This study investigated the role of α1D-adrenoceptor in the modulation of renal haemodynamics in rats with left ventricular hypertrophy (LVH). LVH was established in Wistar-Kyoto (WKY) rats with isoprenaline (5.0 mg · (kg body mass)(-1), by subcutaneous injection every 72 h) and caffeine (62 mg · L(-1) in drinking water, daily for 14 days). Renal vasoconstrictor responses were measured for noradrenaline (NA), phenylephrine (PE), and methoxamine (ME) before and immediately after low or high dose intrarenal infusions of BMY 7378, a selective α1D-adrenoceptor blocker. The rats with LVH had higher mean arterial blood pressure and circulating NA levels, but lower renal cortical blood perfusion compared with the control group (all P < 0.05). In the LVH group, the magnitude of the renal vasoconstrictor response to ME was blunted, but not the response to NA or PE (P < 0.05), compared with the control group (LVH vs. C, 38% vs. 50%). The magnitude of the drop in the vasoconstrictor responses to NA, PE, and ME in the presence of a higher dose of BMY 7378 was significantly greater in the LVH group compared with the control group (LVH vs. C, 45% vs. 25% for NA, 52% vs. 33% for PE, 66% vs. 53% for ME, all P < 0.05). These findings indicate an impaired renal vasoconstrictor response to adrenergic agonists during LVH. In addition, the α1D-adrenoceptor subtype plays a key role in the modulation of vascular responses in this diseased state.
The effects of an aqueous supernatant of haruan (ASH) (Channa striatus) fillet extract on various antinociception receptor system activities were examined using a mouse abdominal-constriction model. Mice that were pretreated with distilled water, s.c., followed 10 min later by administration of 25%, 50%, and 100% concentration ASH, s.c., produced a significant concentration-dependent antinociceptive activity (p < 0.001). Pretreatment with naloxone (0.3, 1.0, and 3.0 mg/kg body mass), 10 min before ASH administration, failed to block the extract antinociception. Pretreatment of the 100% concentration ASH with mecamylamine (5 mg/kg), pindolol (10 mg/kg), and haloperidol (1 mg/kg) also did not cause any significant change in its antinociception. However, pretreatment with atropine (5 mg/kg), bicuculline (10 mg/kg), phenoxybenzamine (10 mg/kg), and methysergide (5 mg/kg) were found to reverse ASH antinociception. Based on the above findings, the ASH is suggested to contain different types of bioactive compounds that act synergistically on muscarinic, GABAA, alpha-adrenergic, and serotonergic receptor systems to produce the observed antinociception.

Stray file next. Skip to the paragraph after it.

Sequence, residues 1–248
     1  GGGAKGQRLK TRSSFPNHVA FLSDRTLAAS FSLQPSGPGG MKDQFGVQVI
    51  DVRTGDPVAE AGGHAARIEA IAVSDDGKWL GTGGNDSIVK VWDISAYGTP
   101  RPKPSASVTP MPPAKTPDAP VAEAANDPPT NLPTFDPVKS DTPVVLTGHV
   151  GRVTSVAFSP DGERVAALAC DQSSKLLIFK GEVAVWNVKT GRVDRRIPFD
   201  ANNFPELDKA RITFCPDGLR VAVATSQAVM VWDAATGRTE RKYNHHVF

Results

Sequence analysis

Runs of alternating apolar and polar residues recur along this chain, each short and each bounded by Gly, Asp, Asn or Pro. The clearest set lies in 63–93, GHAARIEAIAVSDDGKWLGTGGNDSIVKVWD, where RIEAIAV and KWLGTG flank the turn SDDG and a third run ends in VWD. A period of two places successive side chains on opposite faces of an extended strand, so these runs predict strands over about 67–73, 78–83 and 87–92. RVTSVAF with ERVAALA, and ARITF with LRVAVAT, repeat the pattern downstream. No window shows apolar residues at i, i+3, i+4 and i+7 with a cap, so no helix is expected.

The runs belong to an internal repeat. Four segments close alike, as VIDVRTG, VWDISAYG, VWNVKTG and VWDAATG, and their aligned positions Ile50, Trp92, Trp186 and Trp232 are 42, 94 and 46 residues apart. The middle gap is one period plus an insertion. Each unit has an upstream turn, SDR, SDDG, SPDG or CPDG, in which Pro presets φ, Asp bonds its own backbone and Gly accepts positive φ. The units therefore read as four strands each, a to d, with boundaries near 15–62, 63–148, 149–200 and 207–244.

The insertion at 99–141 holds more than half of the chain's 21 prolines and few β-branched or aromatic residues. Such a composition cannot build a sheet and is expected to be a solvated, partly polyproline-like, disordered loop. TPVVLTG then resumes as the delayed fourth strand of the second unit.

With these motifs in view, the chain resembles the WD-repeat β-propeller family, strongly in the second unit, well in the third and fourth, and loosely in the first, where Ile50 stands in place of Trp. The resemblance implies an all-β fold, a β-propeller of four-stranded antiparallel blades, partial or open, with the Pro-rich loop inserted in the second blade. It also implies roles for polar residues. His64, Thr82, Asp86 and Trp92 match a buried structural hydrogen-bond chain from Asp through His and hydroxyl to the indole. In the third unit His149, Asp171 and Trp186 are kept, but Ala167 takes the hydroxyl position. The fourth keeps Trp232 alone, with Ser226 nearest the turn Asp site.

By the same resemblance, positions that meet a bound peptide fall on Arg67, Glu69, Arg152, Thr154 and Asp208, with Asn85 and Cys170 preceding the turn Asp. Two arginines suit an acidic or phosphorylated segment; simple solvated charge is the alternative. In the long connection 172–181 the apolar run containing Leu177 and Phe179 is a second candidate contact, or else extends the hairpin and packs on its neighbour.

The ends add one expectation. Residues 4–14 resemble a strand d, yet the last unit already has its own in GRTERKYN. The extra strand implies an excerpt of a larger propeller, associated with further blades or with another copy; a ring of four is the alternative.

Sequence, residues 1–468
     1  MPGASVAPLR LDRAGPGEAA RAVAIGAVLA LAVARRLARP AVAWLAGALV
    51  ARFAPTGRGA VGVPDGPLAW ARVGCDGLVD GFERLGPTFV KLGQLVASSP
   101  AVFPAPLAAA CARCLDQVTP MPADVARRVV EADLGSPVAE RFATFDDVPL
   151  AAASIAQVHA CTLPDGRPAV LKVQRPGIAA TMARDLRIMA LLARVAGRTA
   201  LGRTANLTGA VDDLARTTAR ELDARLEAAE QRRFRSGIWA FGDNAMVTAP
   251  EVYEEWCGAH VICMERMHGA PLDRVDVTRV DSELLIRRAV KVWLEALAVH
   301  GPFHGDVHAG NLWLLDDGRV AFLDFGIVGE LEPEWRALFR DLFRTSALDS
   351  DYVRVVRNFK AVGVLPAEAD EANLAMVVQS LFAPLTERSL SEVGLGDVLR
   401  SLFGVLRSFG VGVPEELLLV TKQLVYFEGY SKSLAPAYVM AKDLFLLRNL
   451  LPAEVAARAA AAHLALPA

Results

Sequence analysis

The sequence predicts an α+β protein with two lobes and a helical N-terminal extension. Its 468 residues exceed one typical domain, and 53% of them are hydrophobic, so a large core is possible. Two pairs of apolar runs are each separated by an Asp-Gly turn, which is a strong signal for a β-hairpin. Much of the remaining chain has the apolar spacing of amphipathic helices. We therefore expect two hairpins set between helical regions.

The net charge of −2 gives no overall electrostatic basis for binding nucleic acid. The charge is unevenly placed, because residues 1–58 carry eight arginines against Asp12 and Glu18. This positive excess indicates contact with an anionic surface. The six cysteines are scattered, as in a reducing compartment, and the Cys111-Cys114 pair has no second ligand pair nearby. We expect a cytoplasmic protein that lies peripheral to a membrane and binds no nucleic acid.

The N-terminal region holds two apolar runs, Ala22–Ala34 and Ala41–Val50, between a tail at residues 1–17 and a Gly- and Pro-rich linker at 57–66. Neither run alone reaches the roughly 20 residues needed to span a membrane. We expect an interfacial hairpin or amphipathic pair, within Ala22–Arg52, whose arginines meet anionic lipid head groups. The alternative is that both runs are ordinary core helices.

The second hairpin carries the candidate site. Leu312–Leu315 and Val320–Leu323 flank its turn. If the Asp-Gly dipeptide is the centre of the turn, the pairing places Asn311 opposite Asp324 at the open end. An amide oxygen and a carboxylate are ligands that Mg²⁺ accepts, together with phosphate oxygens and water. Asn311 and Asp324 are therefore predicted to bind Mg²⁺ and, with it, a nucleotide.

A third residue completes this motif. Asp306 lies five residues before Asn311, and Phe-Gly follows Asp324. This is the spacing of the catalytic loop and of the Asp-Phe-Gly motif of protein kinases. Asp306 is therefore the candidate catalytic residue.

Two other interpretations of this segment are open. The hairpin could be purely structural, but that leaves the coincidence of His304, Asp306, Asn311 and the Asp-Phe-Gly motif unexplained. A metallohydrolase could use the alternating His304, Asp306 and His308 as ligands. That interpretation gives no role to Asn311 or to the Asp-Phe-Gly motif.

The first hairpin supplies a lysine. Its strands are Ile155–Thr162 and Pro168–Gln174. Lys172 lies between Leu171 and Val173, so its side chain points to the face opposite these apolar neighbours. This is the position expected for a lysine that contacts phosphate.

The present study was carried out to establish the antinociceptive, anti-inflammatory, and antipyretic properties of the aqueous extract of Melastoma malabathricum leaves in experimental animals. The antinociceptive activity was measured using abdominal constriction, hot-plate, and formalin tests, whereas the anti-inflammatory and antipyretic activities were measured using carrageenan-induced paw edema and brewer's yeast-induced pyrexia tests, respectively. The extract, which was obtained after soaking the air-dried leaves in distilled water for 72 h and then preparing in concentrations of 10%, 50%, and 100% (v/v), was administered subcutaneously 30 min prior to subjection to the above mentioned assays. At all concentrations tested, the extract was found to exhibit significant (P < 0.05) antinociceptive, anti-inflammatory, and antipyretic activities in a concentration-independent manner. Our findings that the aqueous extract of M. malabathricum possesses antinociceptive, anti-inflammatory, and antipyretic activities supports previous claims on its traditional uses to treat various ailments.